Kothimbir Vadi - Coriander wedges

One of my favorite greens and an integral part of an Indian kitchen, Kothimbir (dhania or coriander) is packed with vitamin C and has many health benefits. It is mostly used as a garnish, added to chutneys, salads and dips.

When the green is available in plenty it can be cooked along with flours and spices to create a delicious savory side dish- Kothimbir vadi.  
Goes well with curd rice or livens up a meal of plain daal and roti.

One bunch fresh coriander
Jowar flour 2 tbsp estimated
Chana dal flour 4 tbsp estimated
Rice flour 2 tbsp estimated
3-4 tblsp oil
½ tsp turmeric
¾ tsp chilli powder
One tsp sesame seeds
Fresh lemon juice
1 tsp sugar
Salt to taste

First wash and chop coriander. Add to it: juice of half a lemon, a tsp of sugar, turmeric, chili powder, sesame seeds, 1 tbsp oil, and salt to taste. Mix well and keep aside for 15 minutes. This helps the coriander let out its juice.
Now start by adding the various flours to the coriander mixture spoon by spoon. Usually we add the flour in the ratio of 1 Jowar flour: 2 Chana dal: 1 Rice flour. As you add the flour, keep mixing. Continue the addition till you get a thick, stiff dough. Do NOT add any water.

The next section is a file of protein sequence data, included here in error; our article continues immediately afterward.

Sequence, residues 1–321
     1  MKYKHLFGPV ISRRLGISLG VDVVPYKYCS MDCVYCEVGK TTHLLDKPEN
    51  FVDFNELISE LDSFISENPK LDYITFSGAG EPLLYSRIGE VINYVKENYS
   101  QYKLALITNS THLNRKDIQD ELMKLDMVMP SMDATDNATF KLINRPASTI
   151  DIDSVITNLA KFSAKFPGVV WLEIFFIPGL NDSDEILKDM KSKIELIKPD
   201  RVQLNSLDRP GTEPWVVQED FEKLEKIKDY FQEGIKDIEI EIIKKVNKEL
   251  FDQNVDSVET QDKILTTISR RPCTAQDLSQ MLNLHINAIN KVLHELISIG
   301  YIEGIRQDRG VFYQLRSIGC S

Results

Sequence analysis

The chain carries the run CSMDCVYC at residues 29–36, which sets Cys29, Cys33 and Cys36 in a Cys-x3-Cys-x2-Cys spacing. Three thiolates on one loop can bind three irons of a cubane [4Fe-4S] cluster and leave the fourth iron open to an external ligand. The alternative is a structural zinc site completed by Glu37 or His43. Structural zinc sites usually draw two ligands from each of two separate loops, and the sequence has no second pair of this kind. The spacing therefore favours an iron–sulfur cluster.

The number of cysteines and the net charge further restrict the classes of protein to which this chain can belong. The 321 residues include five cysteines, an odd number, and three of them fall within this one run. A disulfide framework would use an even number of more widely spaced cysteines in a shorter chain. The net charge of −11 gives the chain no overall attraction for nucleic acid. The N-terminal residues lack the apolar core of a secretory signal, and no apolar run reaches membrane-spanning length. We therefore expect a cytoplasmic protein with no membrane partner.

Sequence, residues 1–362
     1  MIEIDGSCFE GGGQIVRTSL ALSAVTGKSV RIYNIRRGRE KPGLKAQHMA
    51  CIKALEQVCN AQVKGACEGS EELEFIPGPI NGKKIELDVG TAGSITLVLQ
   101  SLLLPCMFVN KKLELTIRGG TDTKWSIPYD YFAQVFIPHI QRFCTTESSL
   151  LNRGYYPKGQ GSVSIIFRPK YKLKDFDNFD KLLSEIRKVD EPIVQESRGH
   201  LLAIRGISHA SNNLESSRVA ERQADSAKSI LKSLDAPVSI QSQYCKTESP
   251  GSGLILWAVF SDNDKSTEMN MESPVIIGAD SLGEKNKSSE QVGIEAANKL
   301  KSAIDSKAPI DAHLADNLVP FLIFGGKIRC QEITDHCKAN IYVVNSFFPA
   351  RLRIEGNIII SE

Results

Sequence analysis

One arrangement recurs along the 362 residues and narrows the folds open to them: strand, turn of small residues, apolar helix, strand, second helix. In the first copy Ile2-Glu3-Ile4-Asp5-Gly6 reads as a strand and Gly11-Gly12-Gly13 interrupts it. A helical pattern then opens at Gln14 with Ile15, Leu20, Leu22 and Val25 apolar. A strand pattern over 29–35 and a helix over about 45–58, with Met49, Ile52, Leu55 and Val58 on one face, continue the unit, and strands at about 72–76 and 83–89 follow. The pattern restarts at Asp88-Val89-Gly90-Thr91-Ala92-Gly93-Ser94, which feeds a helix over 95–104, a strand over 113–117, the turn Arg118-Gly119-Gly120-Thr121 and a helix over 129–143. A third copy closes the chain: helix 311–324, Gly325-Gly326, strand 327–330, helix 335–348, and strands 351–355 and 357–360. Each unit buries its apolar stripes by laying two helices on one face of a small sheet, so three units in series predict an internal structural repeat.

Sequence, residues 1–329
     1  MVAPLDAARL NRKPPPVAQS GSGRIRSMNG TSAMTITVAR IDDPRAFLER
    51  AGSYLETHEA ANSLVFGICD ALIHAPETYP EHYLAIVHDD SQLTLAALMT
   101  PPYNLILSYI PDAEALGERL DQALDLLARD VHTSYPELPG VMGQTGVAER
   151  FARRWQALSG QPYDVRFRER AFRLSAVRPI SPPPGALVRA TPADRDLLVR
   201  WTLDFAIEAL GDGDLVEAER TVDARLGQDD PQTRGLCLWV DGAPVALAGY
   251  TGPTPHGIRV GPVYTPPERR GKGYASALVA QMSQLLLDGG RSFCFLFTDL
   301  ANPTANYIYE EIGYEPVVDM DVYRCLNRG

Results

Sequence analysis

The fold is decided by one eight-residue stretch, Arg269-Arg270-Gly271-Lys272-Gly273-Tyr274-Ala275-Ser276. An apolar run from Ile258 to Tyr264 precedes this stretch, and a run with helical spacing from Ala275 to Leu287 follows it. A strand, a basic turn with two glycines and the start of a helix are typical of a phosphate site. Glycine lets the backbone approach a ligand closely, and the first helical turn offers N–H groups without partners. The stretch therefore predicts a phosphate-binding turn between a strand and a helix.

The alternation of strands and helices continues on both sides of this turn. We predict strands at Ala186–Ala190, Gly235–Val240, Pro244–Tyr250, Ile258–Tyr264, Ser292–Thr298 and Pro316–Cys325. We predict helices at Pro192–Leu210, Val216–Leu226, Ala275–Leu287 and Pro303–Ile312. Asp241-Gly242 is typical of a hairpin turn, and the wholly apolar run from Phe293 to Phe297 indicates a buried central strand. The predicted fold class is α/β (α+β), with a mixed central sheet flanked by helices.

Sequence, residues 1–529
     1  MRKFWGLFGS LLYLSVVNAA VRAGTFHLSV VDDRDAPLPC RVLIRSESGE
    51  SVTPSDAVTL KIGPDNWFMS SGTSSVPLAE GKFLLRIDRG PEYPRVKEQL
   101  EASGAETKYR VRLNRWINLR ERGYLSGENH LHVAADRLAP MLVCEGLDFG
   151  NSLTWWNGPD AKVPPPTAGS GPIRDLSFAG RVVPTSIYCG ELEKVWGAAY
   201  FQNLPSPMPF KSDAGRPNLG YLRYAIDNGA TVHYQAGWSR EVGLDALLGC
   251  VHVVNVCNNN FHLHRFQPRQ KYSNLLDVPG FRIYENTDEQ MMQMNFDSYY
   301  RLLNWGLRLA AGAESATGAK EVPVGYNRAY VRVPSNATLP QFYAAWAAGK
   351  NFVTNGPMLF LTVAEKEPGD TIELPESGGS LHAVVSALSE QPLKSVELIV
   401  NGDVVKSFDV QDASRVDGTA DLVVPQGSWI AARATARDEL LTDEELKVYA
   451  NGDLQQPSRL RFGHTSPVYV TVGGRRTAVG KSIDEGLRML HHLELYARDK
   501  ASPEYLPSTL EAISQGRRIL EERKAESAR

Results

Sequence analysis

Take a dish or shallow vessel that you can keep in a steamer. Apply a little oil to your hand, make a smooth ball of the dough, and pat it into a dish with an edge. The patted dough should be approx 1- 2 cms deep. Steam it for about 10 minutes. Let cool. Cut into small wedges.
Add a little oil to a shallow flat pan. When it is heated, add some mustard seeds, a pinch of asafoetida and turmeric. Place the wedges on the pan and shallow fry on low to medium flame till crispy and brown.  

1. The proportion of ingredients in this dish is not hard and fast. A lot depends on the amount of juice secreted by the coriander. Again, how much of any spice to put depends on your personal taste and preferences.

2. If you do not have enough of any one flour you can add a little more of the other. But atleast some chana dal flour is required to give the wedges their taste and texture. If you prefer you can add Bajra flour too. Remember that Bajra is somewhat bitter in taste.  After making the dough you might still have some flour left over. That is perfectly ok.

3. Instead of lemon juice you can add tamarind pulp, and add gur instead of sugar.

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